Legend has it

John Chapman – aka Johnny Appleseed – planted his first apple orchard here

An illustration of John Chapman, aka Johnny Appleseed, originally published in the 1862 publication A History of the Pioneer and Modern Times of Ashland County.

Johnny Appleseed planted his first nursery on the banks of the Brokenstraw Creek near present-day Garland.

It was just one stop on a long, winding road that would turn a young man from Massachusetts into a mystical, shadowy legend.

He preferred to sleep outside and “tradition holds that his preferred attire included a modified tin can for a hat, a coffee-sack cloak,

and bare feet, even in winter time,” according to a Penn State article.

He never married and essentially lived his life as a migrant (though he owned several parcels and was probably more well-off than the manner in which he lived).

“Chapman was known for his skills for surviving the wilderness, his universal kindness and his commitment to spreading the religious beliefs of Christianity, as interpreted by Emanuel Swedenborg,” according to an article from Penn State. “His uncommon habits and selfless generosity have shaped the memory of his character into that of a divine pilgrim.”

Library of Congress photo/Public domain photo Above, a print of a mural saluting the actual, and especially folklore, figure Johnny Appleseed in downtown Mansfield, Ohio, according to the Library of Congress.

The trick to telling the real story of Johnny Appleseed is sorting the facts from the myths.

But even with the myths removed, this is still a really good story.

John Chapman was born in 1774, according to an article from ohioapples.com, which notes that his father was one of the Minutemen at Concord.

“Records of his boyhood are scanty at best,” they write. “His mother died while his father was still in service. His father married again after the war and the family moved to East Longmeadow where he spent his boyhood years.”

An article from ohioapples.com gives us a description of what the man may have looked like.

“Johnny Appleseed is described as a man of medium height, blue eyes, long, light-brown hair, slender figure, wiry and alert. He wore but little clothing and that, for the most part, was obtained by trading apple trees to the settlers for cast-off garments. Often, while traveling through his forest his only garment was a coffee sack with holes cut in it for his head and arms. He said clothes should not be worn for adornment – only for comfort. He went barefoot most of the time, even in winter. Reports indicate that he was a vegetarian eating no meat or fish. He believed it was wrong to take life in order to procure food.”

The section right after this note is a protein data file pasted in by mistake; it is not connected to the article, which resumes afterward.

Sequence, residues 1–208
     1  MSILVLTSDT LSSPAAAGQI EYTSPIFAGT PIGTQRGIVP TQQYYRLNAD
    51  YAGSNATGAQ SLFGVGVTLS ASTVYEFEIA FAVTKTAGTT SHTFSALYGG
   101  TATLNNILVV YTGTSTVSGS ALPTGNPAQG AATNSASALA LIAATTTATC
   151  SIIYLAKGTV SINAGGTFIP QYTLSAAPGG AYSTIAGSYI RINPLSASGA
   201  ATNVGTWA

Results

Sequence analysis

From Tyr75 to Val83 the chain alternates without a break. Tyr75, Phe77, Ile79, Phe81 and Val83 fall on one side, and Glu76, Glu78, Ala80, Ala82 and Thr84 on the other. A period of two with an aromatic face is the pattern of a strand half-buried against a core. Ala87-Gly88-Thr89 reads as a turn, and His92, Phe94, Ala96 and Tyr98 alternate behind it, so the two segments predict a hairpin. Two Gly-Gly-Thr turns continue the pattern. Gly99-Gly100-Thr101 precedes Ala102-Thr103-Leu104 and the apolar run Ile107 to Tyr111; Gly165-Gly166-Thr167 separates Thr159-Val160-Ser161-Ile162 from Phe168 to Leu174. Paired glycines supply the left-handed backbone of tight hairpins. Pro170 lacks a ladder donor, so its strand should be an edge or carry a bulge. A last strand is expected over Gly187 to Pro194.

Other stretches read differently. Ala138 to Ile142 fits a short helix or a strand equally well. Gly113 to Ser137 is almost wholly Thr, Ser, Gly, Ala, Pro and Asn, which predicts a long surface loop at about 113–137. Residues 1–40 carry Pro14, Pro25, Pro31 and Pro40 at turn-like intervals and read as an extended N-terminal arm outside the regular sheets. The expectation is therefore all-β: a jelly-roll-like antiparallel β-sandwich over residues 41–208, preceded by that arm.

In his early 20s, he headed west.

That’s what brought him to Warren County.

His history here also prominently features Giles White, also from Massachusetts but a soldier in the Revolution and over 20 years Chapman’s senior.

By 1800, White had made his way to Warren County and settled in the area of what we now know as Garland, according to his Findagrave page.

A Giles family history found on wc.rootsweb.com noted that Giles initially built a cabin “across the road from the present Whitestown Cemetery and Giles here started to clear his land. The cabin of sufficient size to house his family of wife and five sons.”

The cemetery is located on Kane Road about one mile east of Garland.

The August 22, 1970 edition of the Warren Times-Mirror tells the story of his time in Warren County.

“When the annual Johnny Appleseed Fall Festival was established in Sheffield in 1967, many people asked: ‘Was Johnny Appleseed a real person or just a legend?’ Others questioned: ‘Is it really true that Johnny Appleseed lived in Warren County?’ The answer to both queries is, of course, yes.”

The Times-Mirror confirmed the general narrative that Chapman planted his first nursery on the White property “on the Brokenstraw Creek about 1797.

“Sometime after 1799, having furnished all the pioneers in this region with orchards, Chapman moved down the Allegheny.

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